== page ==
State legislation blocking trans youth from accessing gender-affirming care puts kids at risk, thwarts physician autonomy, and potentially violates a number of federal laws, write Jack L. Turban, Katherine L. Kraschel, and I. Glenn Cohen in a viewpoint published today in JAMA.

So far this year, 15 states have proposed bills that would limit access to gender-affirming care. One of these bills, Arkansas’ HB1570/SB347, already has become law.

This legislative trend should be troubling to all, explained Cohen, Faculty Director of the Petrie-Flom Center for Health Law Policy, Biotechnology, and Bioethics at Harvard Law School. In an email interview, he highlighted “how exceptionally restrictive these proposed laws are,” adding that they are “out of step with usual medical, ethical, and legal rules regarding discretion of the medical profession and space for parental decision-making.”

Turban, child and adolescent psychiatry fellow at Stanford University School of Medicine also offered further insight as to the medical and legal concerns these bills raise over email.

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WASHINGTON, DC - OCT. 8, 2019: Rally for LGBTQ rights outside Supreme Court as Justices hear oral arguments in three cases dealing with discrimination in the workplace because of sexual orientation.

Now Is the Time for a Sex-Based Civil Rights Movement in Health Care

By Valarie K. Blake

The Biden administration and all three branches of government are poised to finally deliver a sex-based civil rights movement in health care that generations have waited for.

Sex discrimination is prevalent in health care, but especially so for LGBTQ people. Combine this with other forms of discrimination that LGBTQ people experience, and the result is a population that suffers from serious health disparities, including heightened risks of mental health conditions, substance use disorders, and suicide.

A much needed ban on sex discrimination in health care finally passed in 2010, as part of the Affordable Care Act (ACA). Section 1557 of the ACA prohibits health care entities that receive federal money from discriminating on the basis of sex, along with race, age, and disability. Specifically, Section 1557 bans sex discrimination in health care by way of extending Title IX, which previously applied to educational entities only. Section 1557 reaches most hospitals, providers, and insurers. Sex equality in health was a long time coming. Similar bans on discrimination by recipients of federal money had passed decades earlier: race discrimination in 1964, disability discrimination in 1973, and age discrimination in 1975.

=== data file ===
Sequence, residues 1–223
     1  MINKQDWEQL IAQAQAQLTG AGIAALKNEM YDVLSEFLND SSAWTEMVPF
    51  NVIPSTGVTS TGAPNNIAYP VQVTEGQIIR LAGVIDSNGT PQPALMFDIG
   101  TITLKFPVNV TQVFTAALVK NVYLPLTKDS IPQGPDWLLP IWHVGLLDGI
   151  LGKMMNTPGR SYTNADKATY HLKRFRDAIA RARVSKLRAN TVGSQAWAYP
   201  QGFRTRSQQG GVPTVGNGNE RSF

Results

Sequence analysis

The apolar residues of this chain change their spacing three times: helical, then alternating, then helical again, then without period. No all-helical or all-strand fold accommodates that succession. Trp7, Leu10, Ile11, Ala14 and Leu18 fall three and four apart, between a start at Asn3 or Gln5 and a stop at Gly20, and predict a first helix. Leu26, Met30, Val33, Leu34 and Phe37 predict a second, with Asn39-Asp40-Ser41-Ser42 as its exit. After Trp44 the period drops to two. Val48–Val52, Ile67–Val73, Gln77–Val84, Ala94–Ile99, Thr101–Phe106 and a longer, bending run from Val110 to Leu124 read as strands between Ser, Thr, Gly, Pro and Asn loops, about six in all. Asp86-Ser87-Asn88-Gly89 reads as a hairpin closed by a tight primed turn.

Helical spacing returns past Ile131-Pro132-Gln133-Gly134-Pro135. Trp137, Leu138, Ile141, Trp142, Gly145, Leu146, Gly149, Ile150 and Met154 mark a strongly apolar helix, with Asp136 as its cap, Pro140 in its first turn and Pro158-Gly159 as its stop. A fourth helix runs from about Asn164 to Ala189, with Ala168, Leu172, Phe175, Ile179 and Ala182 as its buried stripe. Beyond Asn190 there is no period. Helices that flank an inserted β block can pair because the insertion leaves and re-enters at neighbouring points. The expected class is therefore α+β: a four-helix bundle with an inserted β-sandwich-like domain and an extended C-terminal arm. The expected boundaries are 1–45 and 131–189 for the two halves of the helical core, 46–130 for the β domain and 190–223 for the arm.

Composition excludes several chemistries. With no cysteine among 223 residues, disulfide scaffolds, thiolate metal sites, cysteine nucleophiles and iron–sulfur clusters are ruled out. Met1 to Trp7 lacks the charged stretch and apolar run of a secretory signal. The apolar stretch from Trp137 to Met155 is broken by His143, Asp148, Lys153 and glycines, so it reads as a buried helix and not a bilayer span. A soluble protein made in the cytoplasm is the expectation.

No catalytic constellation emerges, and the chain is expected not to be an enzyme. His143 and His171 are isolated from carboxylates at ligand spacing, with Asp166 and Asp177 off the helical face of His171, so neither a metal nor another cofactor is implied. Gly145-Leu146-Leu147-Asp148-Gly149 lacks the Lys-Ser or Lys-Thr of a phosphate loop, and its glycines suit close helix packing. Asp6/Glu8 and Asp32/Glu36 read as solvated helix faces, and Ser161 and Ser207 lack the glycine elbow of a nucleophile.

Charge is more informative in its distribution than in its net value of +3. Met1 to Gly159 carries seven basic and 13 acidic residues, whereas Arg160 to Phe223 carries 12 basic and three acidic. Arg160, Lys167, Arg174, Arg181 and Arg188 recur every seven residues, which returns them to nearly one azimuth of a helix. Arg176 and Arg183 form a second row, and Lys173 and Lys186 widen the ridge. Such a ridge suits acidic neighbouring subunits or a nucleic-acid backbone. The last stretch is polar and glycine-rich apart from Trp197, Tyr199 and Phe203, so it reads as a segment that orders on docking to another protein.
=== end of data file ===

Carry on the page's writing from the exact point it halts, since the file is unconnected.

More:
Despite its historic nature, Section 1557 has yet to deliver on its promise, owing to delays and volatility in rulemaking and near-constant litigation. The statute was barebones, requiring interpretation, but the Obama administration only promulgated a rule and began full enforcement six years after the passage of the ACA. The Obama rule broadly banned gender identity and sexual orientation discrimination, but the part of the rule banning gender identity discrimination was judicially stayed only months later in Franciscan Alliance v. Burwell.

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Patient receives Covid-19 vaccine.

10 Design Considerations for Vaccine Credentials

By Adrian Gropper

As COVID-19 vaccines become widely, if not fairly, available in different regions, both the public and private sector are working to develop vaccine credentials and associated surveillance systems.

Information technology applied to vaccination can be effective, but it can also be oppressive, discriminatory, and counter-productive.

But these systems can be tuned to reflect and address key concerns.

What follows is a list of ten separable concerns, and responsive design strategies. The concept of separation of concerns in technology design offers a path to better health policy. Because each concern hardly interacts with the others, any of them can be left out of the design in order to prioritize more important outcomes. Together, all of them can maximize scientific benefit while enhancing social trust.

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Emergency room.

Worsening Health Inequity During Pandemic for People Experiencing Homelessness

This piece was adapted from a post that originally ran at On the Flying Bridge on March 28, 2021.

By Michael Greeley

With great fanfare last week, DoorDash announced an initiative to provide same-day home delivery of approved COVID-19 test collection kits.

Much of the business model innovation in health care today is to move as much care as is feasible to the home. But what does that mean for the homeless?